Now imagine were we'd be without the internet and online retailers. I still remember those days with total despair, and will take the current situation with ebooks + AMS ads any day. To be able to publish from my house in the suburbs of Perth, Western Australia, and reach readers all over the world - that's just awesome. 20 years ago it was a futuristic dream.

     

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    Offline jb1111

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    Re: And then there were 4...Penguin buying Simon
    « Reply #33 on: November 30, 2020, 06:05:23 pm »
    This article claims the merger is a competitive response to Amazon's market dominance -- https://www.theatlantic.com/ideas/archive/2020/11/penguin-random-house-simon-schuster-monster-about-amazon/617209/.

    The article states that Amazon publishes 49% of all new books, while the newly merged company would account for about 33% of them. (Unfortunately the article doesn't precisely define what it means by "new books".)

    What ever happened to the days when the US enforced its anti-trust laws?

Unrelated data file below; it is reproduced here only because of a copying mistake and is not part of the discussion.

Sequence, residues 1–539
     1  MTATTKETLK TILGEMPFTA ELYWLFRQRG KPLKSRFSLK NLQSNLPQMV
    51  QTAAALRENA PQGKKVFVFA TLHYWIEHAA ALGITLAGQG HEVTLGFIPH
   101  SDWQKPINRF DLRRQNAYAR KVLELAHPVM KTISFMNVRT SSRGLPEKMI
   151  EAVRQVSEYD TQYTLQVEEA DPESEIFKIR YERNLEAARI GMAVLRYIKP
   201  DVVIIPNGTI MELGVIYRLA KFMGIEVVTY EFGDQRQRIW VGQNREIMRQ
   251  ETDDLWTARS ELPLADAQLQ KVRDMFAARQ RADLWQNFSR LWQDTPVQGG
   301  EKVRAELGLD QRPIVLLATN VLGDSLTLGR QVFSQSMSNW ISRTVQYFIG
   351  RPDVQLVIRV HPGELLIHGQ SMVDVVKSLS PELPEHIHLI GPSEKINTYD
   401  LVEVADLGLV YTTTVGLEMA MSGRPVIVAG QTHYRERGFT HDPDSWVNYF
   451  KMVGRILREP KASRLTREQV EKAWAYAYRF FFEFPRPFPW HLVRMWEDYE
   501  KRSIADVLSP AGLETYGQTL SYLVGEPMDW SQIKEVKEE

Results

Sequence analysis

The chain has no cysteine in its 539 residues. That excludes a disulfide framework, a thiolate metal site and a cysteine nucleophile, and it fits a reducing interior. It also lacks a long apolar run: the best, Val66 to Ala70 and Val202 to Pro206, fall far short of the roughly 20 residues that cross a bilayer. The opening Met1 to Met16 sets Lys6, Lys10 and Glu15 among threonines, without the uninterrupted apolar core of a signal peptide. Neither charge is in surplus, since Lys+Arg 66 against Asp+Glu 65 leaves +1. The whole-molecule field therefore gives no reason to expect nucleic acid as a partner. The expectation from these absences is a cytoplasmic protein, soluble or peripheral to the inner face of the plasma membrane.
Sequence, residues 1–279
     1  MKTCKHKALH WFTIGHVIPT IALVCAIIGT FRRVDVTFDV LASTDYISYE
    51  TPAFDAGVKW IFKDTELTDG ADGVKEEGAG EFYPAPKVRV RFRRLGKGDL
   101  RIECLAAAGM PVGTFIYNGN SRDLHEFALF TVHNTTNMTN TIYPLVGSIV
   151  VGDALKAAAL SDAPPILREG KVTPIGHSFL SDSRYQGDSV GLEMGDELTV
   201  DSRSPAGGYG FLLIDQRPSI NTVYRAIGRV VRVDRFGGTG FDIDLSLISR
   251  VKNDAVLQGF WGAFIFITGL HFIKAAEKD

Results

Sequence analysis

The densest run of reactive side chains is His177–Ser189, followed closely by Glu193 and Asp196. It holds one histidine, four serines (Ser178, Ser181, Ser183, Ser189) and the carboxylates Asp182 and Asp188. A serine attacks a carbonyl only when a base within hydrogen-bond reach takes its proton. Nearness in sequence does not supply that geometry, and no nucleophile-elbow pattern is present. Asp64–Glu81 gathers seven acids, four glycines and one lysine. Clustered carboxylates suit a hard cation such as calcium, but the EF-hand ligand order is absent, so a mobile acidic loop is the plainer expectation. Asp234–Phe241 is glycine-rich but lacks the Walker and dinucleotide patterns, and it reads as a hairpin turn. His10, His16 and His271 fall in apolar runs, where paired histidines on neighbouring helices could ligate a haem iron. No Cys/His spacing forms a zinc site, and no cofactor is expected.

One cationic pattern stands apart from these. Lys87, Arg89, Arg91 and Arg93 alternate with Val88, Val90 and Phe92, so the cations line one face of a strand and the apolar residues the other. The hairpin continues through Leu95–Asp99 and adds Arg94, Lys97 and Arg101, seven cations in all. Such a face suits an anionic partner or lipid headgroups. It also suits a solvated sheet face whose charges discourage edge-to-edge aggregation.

The linked article says that Amazon sells 49% of books, not that it publishes 49% of them. So its dominance is mainly over book retail. I'm not sure if a 50 percent chunk of a particular retail sector (like book sales) is a monopoly deserving of anti-trust investigations. Apple had a huge chunk of music sales for a decade, and they were left alone. So, I'll leave it to government agencies or other people to decide that issue -- it's past my pay grade.

    As for the impetus behind the consolidation? I think it's obviously money. And maybe the drop in sales and fiction book revenues has led some to sell to the highest bidder, as Houghton Mifflin Harcourt may be doing, according to the article I found in a publishing periodical. Consolidation has been going on in other industries, particularly the entertainment industry. I suppose the book publishing industry couldn't be immune to it.

    I can see why some big pubbers are wary of Amazon. When a company has half the retail in your industry, that's indeed a lot of leverage. But on the other hand it seems the big pubbers have been able to deal with Amazon OK. And I also don't see them setting up their own retail alternatives, when you'd think they'd have thought of that option. Maybe they have, and figured that it wouldn't work.

    Offline Corvid

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    Re: And then there were 4...Penguin buying Simon
    « Reply #34 on: December 01, 2020, 03:06:29 pm »
    In Canada it is almost impossible for a small press to get their books in retailers. Simply because the largest retailer is run by what really is a monopoly out of Toronto (indigo)...that is close to the large publishers.

    Mark

    Yep, Canada's a racket, and always has been. Publishing very much included.